By Reena Baras
Ofer Grunwald is an up-and-coming multimedia artist based in Jerusalem. I recently had the opportunity to sit with the artist and discuss his work, his journey as an artist and visit his one-of-a-kind studio in Jerusalem at the Botanical Gardens.
One of the main mediums that Grunwald currently works with is bonsai—for those of you not familiar with the term, bonsai is essentially the art of working with trees and shrubs in pots and shaping them to get the most out of their structure. We took a short drive to his working space where Grunwald showed me his collection of of this interesting medium.
Pictures of his work will reveal bonsai as stunning works of conceptual art, in conjunction with the artist’s other mediums choice (i.e. plaster and machinery), there is nothing like seeing the starting point of Grunwald’s bonsai skill. With each day, month and year, small gradual shifts in the fluidity and shape of the tree will take place—it is a live medium, one that is not easy to work with.
I sat down with Grunwald to find out more about his journey as an artist, the art of bonsai and it’s conceptual manifestations in his work! Read the interview here:
Hi Ofer! Thanks for meeting with us! Will you describe for the readers your artistic education and professional background?
I’d describe myself as a self-taught multidisciplinary artist. I did seek out and study under one of the great masters of sculptural bonsai in Europe (Enrico Savini, Italy), but it was more of a series of intensive workshops than a proper apprenticeship.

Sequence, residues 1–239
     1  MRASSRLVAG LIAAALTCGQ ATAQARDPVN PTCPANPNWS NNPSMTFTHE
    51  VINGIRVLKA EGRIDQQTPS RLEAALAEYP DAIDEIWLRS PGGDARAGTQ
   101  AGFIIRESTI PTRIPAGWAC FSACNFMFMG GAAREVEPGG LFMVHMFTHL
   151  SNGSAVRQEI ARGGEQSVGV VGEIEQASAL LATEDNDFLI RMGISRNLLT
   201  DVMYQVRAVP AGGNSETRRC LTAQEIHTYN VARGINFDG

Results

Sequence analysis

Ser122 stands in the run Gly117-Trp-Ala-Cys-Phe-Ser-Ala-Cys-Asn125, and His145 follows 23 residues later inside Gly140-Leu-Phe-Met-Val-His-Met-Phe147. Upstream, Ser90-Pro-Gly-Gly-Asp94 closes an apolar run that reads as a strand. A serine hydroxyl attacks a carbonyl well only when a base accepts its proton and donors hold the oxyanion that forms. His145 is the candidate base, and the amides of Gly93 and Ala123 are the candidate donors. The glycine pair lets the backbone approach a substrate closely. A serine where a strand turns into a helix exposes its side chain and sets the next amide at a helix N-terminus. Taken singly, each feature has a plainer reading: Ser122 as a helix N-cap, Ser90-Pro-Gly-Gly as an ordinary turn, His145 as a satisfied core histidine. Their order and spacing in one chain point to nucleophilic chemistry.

My professional background is extremely diverse, ranging from competitive intelligence to copywriting, to translation.
Bonsai is a unique medium, are there many artists that work with bonsai? How Is Bonsai a medium that many contemporary artists work with? When/where did this start?
Bonsai is actually a medium that not many people are familiar with. There have been some artists around the world who have referenced or used. Over the past couple of years, bonsai has started becoming very popular and trendy, thanks to internet exposure.
I’m one of the very few people working from a different direction – originating in bonsai, and trying to use it as a contemporary means for expression. I’m literally writing the book on the subject, one article and one exhibition at a time.
For me, from the start, bonsai was bigger than the tree itself. There was something there. Something intangible that I was trying to express. About four years ago, I was visiting the MOMA in New York, and came across the amazing work of Geoffrey Mann. I stood before his moth-flight sculpture and said, “This is it. This is bonsai.” The fact that I was looking at a frozen manifestation of an unseen movement was the essence of what I was finding so fascinating about bonsai in general, and in junipers in particular. It is this fascination that has informed my work ever since.
Tell us what you’re working on now:
My ongoing project is actually working in the traditional bonsai medium, where I work on trees for private and public collections, work with students on their collections, and of course work on my own trees. Fifteen years since I first opened a ‘Bonsai 101’ book, I only now feel like I am finding my own voice, and my trees have moved from being ‘visually powerful’, to ‘emotive’.